When the pandemic began, there was a tendency among masochists to revisit films like Contagion or Safe to brace for the worst. Now it’s clear that the ruling party will allow COVID-19 to ravage unabated until a vaccine arrives, my appetite for doom looks a little different. With millions out of work and the government blithely abandoning unemployment benefits, I’ve been thinking about mass layoffs in popular culture.
You have Kendall Roy’s slashing of Vaulter to please his father in Succession’s second season. There’s Cirque du Soleil’s CEO firing much of his staff in a strange, pre-recorded video where he’s wearing ”Bono glasses.” And while the drab frequent flyer lifestyle of Jason Reitman’s 2009 drama Up in the Air feels impossible today, its central preoccupation — firing people quickly and efficiently — has never been more vital to the worst people in America. While it’s easy to bemoan overly cruel HR maneuvers in this pandemic, Up in the Air asks if there’s ever a courteous way to tell someone they’re being axed.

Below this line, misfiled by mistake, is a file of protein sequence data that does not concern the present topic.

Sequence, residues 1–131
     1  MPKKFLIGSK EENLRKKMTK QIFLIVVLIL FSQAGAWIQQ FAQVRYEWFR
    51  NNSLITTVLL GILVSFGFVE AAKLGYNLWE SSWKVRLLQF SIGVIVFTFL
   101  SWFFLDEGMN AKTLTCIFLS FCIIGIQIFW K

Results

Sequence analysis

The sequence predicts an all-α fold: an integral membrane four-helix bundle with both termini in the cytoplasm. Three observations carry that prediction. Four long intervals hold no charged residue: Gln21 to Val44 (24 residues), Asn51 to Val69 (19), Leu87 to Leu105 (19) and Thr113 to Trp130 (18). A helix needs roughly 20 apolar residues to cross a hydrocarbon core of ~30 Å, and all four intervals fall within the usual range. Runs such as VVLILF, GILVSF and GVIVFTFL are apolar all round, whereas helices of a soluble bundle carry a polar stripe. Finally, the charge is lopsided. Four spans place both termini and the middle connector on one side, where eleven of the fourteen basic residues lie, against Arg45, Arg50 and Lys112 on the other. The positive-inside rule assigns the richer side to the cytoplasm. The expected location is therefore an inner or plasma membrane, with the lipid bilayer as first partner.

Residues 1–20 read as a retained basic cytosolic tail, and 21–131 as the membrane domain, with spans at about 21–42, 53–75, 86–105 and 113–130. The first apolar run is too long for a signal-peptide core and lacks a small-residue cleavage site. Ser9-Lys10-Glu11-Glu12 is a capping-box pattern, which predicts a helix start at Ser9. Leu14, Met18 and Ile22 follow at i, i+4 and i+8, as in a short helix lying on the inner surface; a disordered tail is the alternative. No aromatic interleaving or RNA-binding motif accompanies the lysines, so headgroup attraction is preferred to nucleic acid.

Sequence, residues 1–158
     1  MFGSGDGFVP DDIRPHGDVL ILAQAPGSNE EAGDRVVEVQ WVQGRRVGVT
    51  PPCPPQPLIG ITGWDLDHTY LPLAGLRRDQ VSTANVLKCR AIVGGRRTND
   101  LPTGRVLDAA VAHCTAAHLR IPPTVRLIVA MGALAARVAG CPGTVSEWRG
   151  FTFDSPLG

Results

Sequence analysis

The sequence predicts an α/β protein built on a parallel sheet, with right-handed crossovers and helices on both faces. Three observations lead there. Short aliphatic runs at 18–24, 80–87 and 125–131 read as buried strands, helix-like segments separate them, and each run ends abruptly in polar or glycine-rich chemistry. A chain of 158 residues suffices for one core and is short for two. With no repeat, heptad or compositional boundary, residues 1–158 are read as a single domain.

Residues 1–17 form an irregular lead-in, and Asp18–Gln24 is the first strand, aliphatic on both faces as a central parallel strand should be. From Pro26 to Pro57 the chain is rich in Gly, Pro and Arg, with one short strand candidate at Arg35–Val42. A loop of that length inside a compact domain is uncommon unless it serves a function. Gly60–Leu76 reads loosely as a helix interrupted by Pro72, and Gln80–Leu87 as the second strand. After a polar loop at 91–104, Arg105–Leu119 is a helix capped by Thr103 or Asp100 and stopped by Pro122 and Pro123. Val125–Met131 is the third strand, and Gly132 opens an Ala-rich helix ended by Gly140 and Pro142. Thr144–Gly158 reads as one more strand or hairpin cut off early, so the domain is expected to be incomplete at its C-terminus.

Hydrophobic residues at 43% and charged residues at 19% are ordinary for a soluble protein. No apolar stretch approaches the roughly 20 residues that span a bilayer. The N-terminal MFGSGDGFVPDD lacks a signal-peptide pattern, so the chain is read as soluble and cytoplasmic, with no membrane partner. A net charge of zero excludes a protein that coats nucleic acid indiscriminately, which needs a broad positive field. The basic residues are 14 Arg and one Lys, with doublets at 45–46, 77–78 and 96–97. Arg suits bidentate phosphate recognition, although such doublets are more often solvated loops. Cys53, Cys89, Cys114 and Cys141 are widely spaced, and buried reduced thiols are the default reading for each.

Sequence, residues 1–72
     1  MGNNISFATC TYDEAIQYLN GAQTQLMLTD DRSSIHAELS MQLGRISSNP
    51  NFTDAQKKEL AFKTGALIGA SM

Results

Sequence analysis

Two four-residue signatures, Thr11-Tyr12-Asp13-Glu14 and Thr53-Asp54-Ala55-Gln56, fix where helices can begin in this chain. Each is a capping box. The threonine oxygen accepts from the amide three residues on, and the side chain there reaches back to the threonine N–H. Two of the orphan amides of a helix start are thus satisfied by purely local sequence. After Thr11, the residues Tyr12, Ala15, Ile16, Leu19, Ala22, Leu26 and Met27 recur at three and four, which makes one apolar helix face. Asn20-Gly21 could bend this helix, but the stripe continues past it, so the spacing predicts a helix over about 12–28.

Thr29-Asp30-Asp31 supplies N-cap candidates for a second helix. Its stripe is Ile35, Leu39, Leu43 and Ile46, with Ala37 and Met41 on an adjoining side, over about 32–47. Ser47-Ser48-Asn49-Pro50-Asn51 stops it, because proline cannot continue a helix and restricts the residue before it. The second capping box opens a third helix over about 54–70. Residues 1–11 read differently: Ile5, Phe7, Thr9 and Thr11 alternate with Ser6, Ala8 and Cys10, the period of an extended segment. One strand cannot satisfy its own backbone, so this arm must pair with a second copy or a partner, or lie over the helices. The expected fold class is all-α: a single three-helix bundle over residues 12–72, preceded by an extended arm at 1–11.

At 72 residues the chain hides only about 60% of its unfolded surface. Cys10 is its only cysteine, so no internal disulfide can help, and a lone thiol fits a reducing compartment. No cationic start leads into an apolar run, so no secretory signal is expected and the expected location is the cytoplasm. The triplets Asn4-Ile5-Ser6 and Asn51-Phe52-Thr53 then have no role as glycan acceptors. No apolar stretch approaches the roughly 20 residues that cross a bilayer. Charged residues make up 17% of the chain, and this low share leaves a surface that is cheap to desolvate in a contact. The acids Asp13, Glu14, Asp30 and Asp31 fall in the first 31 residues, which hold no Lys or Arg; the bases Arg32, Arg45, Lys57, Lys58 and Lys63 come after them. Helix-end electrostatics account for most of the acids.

George Clooney stars as Ryan Bingham, a corporate downsizer-for-hire who is closing in on 10 million total miles. He’s tasked with flying around the country to slash workplaces for bosses. Management gives him a list of people who have to go, he summons them to an office, where he’ll gently rip the band-aid off and provide resources to emerge on the other side in one piece. Despite the grim nature of his work, Ryan is something of an idealist. He believes that sitting down with a person to deliver the bad news is more compassionate than a Skype call. “What we do here is brutal and it does leave people devastated. But there’s a dignity to the way I do it,” he says at one point. “What, stabbing them in the chest instead of the back,” remarks his boss, played by Jason Bateman, who sports a career-worst haircut. He’s not wrong, if a little more brazen in his cruelty.